QA systems distinguish themselves from search engines by the type of manipulated data -- well-formed grammatical units endowed with semantic content -- and its purpose: not just for retrieving facts, but also for more complex learning activities. Current conceptions about learning assume learners as active agents and not passive recipients or simple recorders of information. Therefore, the sequence in which knowledge is assimilated is of high importance. Recently developed recommendation techniques for search engine queries try to leverage the order in which users navigate through them. Although a similar approach might improve the learning experience with QA systems, questions are still considered as any other recommendation item.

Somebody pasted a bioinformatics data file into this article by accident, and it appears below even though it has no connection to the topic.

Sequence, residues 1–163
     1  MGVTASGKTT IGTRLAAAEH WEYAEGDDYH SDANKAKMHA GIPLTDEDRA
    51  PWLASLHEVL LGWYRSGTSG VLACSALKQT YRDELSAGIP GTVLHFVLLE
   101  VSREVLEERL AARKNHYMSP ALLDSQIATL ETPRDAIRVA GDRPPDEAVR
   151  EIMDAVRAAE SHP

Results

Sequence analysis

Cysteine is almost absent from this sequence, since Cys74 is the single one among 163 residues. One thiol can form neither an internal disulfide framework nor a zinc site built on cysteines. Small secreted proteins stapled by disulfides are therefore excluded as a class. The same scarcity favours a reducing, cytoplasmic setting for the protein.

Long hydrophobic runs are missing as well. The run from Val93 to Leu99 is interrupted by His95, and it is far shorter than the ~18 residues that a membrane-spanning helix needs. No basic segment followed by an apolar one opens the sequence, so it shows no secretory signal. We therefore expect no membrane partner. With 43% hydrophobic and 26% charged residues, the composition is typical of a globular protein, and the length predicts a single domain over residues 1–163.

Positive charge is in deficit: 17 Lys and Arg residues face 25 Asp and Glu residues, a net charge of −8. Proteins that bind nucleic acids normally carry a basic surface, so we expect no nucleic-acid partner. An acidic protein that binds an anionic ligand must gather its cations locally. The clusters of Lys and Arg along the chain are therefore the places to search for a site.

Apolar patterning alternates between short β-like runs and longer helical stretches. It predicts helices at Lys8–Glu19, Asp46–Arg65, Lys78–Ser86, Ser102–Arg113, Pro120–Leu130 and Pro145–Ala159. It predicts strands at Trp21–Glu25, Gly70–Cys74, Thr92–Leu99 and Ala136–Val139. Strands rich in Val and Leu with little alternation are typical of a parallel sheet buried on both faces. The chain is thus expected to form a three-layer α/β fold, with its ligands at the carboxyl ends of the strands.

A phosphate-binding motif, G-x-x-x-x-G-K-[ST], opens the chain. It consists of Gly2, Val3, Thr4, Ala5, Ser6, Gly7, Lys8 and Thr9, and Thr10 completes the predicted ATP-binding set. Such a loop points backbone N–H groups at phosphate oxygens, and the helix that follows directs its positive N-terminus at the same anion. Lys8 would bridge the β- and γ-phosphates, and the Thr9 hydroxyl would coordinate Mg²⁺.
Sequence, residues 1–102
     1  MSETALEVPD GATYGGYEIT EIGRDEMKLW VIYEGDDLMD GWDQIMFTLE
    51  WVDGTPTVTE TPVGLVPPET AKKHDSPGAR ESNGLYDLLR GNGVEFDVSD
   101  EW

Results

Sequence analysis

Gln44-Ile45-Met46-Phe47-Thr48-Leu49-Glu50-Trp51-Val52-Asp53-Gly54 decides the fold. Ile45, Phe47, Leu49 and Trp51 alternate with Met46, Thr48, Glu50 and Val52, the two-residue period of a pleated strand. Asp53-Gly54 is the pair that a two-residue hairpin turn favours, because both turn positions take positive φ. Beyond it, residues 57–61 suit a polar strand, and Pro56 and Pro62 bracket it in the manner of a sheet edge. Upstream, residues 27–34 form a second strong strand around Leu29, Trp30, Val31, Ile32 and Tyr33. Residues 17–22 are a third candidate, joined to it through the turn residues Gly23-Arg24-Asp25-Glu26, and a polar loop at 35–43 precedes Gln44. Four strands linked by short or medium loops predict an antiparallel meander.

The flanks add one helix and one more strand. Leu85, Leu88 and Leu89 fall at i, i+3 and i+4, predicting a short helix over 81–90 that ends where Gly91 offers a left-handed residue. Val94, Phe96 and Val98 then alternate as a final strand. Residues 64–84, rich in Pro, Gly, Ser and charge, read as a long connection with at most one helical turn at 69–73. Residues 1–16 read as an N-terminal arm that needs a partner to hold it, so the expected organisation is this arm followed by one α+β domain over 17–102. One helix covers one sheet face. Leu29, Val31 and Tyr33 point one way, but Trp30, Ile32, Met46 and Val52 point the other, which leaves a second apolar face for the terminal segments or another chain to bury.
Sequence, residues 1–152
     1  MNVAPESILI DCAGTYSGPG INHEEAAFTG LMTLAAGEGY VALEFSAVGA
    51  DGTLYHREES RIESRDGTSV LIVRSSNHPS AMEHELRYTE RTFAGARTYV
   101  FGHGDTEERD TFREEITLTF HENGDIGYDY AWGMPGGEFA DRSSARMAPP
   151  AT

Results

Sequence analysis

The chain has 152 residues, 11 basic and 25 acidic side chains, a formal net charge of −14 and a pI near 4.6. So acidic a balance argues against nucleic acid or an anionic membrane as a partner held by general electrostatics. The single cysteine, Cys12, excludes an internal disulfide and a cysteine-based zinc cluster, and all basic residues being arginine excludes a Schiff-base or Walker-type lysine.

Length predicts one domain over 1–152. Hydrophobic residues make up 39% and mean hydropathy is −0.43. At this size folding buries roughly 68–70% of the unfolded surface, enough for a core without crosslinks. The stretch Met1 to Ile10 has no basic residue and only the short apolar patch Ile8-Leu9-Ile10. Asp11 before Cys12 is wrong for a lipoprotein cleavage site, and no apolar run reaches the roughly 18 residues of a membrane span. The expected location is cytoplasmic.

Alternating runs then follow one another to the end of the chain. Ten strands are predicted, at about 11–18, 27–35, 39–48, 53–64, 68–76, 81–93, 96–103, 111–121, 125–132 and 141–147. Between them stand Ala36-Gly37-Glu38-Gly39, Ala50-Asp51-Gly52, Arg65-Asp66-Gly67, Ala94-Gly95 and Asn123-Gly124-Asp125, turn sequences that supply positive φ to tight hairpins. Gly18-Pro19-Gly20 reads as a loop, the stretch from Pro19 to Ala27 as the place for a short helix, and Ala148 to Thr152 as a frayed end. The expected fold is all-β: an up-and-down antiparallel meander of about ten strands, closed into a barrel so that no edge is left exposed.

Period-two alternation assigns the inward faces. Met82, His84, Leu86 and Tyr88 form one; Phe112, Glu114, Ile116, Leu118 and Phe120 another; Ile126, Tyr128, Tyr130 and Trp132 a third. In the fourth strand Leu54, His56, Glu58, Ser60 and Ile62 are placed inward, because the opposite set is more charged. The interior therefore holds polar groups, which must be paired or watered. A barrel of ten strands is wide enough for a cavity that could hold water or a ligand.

In this thesis, two categories of recommendation techniques are defined. The first type, the short-term recommender, considers only the most recently asked question to produce semantically related suggestions using a new semantic similarity measure. The second one, the long-term or learning-oriented question recommender is a novel approach that exploits not only the user's history log, but also two important question attributes: its topic and learning objective. For this purpose, a domain-specific topic-taxonomy and Bloom's learning framework is employed, whereas for modeling the order in which questions are selected, variable length Markov chains are used.